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Oman should exploit its potential for producing solar energy, say experts
May 24, 2016 | 10:21 PM
by Baba Umar / [email protected]
 
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Muscat: Replacing gas and other conventional energy, Oman could exploit 320 days of regular sunshine to generate more solar power than any European country.

“Solar energy is cheap and it could account for most of the energy in Oman,” said Daniel Zywietz, vice chairman of the Clean Business Energy Council, who was speaking on the second day of the coveted energy conference on Tuesday.

Zywietz is also the chief executive officer of Enerwhere, which claims to have built the world’s first rental provider of modular solar-hybrid power plants for off grid power needs.

“If you take a look at the recent tender results from the Middle East, solar is not an expensive form of power generation. It’s the cheapest cost of power generation. The tender results a few weeks ago from Dubai showed... basically last year there was a tender for a coal fired power plant that came in for 4.8 cents per kilowatt hour. This year the same company put in a bid for 3.9 cents per kilowatt-hour for a solar power plant,” he explained.



He warned Oman against wasting time on other sources of energy, adding: “Let me be a bit controversial here. Don’t waste your time on things that are second or third-class when you have a word-class resource. Oman is a desert country. What is scarce here is biomass,” he said.

He added, “How many volcanoes do you have? Not one. Just do a mass count on how many biomass plants or geo thermal plants can you build, or what you can get out of it. Don’t waste your time because you will spend lots of money on feasibility and consultancy. It’s pretty simple.”



“So for the same kilowatt per hour power, why would you pay five times more for using other conventional power generation methods?” he argued.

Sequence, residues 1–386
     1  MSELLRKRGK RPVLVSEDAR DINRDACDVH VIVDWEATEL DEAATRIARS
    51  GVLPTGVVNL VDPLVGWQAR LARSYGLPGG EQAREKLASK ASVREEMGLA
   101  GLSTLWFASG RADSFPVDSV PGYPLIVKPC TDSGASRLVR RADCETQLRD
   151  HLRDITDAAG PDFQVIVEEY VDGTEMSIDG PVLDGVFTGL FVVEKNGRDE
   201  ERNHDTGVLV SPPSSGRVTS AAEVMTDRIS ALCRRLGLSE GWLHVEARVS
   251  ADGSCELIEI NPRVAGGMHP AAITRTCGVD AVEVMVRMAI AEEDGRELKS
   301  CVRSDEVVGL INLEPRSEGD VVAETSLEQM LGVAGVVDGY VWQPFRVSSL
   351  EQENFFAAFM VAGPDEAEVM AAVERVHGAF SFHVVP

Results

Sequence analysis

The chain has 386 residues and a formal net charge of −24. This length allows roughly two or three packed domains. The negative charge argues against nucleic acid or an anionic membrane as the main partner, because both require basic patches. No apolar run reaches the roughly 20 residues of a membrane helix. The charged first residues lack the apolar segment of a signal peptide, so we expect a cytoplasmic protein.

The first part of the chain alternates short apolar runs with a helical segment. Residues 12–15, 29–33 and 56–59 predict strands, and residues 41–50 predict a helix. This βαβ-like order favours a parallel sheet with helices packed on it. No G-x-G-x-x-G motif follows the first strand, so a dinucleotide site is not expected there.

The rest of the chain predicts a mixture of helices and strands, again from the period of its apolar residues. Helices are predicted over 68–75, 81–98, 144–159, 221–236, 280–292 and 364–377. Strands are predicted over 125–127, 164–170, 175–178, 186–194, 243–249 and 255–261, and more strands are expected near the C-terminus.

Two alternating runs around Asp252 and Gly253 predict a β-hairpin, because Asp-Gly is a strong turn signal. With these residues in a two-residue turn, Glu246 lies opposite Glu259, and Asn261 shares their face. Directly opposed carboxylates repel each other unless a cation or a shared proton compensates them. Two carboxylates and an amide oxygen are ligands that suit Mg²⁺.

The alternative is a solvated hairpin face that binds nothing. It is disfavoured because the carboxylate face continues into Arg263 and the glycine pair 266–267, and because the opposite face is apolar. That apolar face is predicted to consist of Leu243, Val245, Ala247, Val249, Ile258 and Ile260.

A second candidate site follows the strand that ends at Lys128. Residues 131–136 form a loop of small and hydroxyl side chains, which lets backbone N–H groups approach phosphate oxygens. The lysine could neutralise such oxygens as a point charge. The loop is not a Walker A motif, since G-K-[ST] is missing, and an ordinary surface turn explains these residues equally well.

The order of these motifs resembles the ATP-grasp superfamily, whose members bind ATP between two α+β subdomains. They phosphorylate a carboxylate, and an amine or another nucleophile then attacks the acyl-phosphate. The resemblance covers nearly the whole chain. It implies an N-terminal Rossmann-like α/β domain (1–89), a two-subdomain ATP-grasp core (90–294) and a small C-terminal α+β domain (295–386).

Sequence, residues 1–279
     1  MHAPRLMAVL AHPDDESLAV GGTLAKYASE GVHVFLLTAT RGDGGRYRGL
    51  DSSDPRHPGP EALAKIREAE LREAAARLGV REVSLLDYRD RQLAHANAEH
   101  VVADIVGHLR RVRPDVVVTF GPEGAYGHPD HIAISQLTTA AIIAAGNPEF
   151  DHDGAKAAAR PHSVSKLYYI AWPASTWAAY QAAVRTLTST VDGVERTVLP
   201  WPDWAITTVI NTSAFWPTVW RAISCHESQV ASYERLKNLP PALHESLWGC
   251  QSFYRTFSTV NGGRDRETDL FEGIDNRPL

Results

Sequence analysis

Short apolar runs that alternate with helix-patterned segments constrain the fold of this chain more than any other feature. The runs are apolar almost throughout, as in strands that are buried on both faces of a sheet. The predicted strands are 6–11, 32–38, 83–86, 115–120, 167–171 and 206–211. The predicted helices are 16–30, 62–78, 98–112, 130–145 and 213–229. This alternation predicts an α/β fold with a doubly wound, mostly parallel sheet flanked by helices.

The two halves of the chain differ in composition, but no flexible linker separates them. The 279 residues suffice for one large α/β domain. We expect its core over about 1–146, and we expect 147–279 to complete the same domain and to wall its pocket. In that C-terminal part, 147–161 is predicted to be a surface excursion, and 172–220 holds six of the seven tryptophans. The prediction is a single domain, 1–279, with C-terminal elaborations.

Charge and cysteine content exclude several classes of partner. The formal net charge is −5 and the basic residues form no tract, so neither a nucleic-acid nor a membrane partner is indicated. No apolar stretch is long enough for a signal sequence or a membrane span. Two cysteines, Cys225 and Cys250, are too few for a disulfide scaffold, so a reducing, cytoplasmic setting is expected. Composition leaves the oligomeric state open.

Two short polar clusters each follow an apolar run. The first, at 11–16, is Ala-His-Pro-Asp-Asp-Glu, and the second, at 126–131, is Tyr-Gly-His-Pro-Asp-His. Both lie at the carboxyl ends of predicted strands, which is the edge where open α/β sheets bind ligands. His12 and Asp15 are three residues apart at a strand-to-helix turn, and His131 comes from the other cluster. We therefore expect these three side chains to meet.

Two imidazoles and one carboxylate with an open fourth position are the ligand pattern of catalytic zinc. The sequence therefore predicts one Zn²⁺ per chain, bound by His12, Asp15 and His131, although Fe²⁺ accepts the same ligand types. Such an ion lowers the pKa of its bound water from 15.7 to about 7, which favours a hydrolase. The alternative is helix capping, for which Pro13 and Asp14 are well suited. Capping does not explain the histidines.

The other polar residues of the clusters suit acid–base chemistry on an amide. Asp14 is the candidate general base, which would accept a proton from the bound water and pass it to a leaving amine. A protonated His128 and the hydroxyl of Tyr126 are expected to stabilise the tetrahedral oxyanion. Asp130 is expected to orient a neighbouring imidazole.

Proper legislations

Gurmeet Kaur of Eversheds, which advises public and private clients on infrastructure and energy projects, said Oman must aggressively pursue solar energy production and that cost of solar power in Dubai has already reduced.

“There is no reason why Oman should decide to go forward with other programmes. You have sun, you have bidders, who are in the region, and there is funding available for these projects,” she stated.

Calling for proper legislation, she added, “The proper legislation will give confidence to the investors. They need to know their investments are going to be secure. You need transparent evaluation and criteria. There needs to be protection from expropriation, changes in law, compensation and things like that in legislation for such investment.”

Dawood Al Qassabi, the head of New Technology Implementation, Petroleum Development Oman, said Oman is looking forward to the Miraah solar project, which will become operational in 2017.

The project—the biggest in the Middle East—will harness the sun’s rays to produce steam, which will be used to extract heavy and viscous oil.

“We are already using PV (photovoltaic) cells to lighten some streets and accommodations in interior Oman and Al Qurum, but it all comes down to cost effectiveness and the maintenance of the cells. They need to be cleaned. It’s also about operability,” he said.

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